Many English-speaking children with specific language impairment have been found to be especially weak in their use of grammatical morphology. In a separate literature, many children meeting the same subject description have shown significant limitations on tasks involving the perception of rapid acoustic changes. In this study, we attempted to determine whether there were parallels between the grammatical morphological limitations of children with specific language impairment and their performance profiles across several perceptual contrasts. Because most English grammatical morphemes have shorter durations relative to adjacent morphemes in the speech stream, we hypothesized that children with specific language impairment would be especially weak in discriminating speech stimuli whose contrastive portions had shorter durations than the noncontrastive portions. Results from a group of eight children with specific language impairment with documented morphological difficulties confirmed these predictions. Several possible accounts of the observed morphology-perception parallels are offered.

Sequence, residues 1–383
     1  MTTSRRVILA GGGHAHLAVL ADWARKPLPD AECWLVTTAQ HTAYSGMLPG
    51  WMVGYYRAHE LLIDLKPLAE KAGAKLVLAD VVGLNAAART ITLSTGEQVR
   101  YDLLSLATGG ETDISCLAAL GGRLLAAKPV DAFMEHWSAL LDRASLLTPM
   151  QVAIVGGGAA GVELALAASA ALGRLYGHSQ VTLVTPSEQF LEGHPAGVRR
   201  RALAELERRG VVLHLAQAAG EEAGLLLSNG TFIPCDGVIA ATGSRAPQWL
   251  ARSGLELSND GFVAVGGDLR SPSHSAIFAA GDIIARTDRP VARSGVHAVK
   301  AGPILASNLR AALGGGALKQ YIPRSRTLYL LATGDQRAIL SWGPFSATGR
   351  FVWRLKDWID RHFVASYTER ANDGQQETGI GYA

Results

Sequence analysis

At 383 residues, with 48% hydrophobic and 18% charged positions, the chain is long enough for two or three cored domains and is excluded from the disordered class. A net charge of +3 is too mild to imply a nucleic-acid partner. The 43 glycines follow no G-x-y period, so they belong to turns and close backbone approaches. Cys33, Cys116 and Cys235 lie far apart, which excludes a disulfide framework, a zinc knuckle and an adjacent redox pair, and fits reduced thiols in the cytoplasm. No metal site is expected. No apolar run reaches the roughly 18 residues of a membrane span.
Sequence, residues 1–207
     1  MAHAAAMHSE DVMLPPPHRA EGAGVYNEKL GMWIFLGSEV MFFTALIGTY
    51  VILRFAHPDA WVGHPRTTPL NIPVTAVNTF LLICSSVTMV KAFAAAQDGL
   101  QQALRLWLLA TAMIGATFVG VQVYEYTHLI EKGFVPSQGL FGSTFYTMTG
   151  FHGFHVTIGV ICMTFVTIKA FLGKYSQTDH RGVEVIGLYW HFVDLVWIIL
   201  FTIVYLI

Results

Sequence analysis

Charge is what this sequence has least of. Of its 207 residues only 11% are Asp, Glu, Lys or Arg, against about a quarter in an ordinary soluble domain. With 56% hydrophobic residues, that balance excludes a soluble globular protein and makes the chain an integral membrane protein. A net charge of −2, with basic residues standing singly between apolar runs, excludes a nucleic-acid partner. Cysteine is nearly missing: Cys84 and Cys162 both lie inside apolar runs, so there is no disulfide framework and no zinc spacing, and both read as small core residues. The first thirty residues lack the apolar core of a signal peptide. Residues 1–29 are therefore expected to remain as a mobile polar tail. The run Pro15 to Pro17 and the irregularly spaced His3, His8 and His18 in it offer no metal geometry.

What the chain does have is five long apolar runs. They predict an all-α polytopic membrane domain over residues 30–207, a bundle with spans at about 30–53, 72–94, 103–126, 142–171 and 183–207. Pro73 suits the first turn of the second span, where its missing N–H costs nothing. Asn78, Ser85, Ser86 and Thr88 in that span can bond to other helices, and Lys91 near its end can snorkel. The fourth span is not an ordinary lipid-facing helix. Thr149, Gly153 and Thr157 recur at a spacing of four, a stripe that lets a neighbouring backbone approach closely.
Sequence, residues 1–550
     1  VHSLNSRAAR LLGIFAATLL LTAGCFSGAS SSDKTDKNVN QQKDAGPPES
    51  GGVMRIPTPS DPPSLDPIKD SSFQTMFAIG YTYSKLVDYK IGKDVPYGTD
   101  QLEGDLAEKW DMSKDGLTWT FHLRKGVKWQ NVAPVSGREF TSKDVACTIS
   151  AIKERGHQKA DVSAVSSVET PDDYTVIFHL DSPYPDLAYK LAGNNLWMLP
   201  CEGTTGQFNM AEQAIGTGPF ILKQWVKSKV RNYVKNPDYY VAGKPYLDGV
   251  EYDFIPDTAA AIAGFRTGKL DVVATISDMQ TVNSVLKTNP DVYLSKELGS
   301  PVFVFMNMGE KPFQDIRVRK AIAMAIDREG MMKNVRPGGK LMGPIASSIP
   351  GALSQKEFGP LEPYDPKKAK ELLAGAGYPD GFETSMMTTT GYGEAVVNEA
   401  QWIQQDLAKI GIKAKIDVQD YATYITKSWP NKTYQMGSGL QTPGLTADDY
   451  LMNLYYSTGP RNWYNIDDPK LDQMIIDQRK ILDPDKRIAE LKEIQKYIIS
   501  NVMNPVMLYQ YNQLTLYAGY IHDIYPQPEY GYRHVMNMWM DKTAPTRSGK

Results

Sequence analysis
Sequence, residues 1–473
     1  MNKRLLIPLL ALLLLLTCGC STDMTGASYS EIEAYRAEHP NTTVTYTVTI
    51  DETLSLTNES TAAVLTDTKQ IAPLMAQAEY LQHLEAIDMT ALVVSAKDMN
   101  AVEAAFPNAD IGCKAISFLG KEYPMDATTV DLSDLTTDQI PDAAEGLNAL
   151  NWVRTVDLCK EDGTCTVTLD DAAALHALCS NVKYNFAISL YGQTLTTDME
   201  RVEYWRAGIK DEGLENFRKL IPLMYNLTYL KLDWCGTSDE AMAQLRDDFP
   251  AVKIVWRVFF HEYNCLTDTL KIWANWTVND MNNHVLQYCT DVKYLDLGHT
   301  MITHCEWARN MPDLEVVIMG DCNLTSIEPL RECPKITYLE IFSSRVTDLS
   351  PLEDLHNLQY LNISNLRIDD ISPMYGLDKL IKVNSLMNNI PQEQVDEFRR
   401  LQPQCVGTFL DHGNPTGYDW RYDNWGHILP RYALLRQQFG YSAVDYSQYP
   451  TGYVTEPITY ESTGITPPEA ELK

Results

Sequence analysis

ASJC Scopus subject areas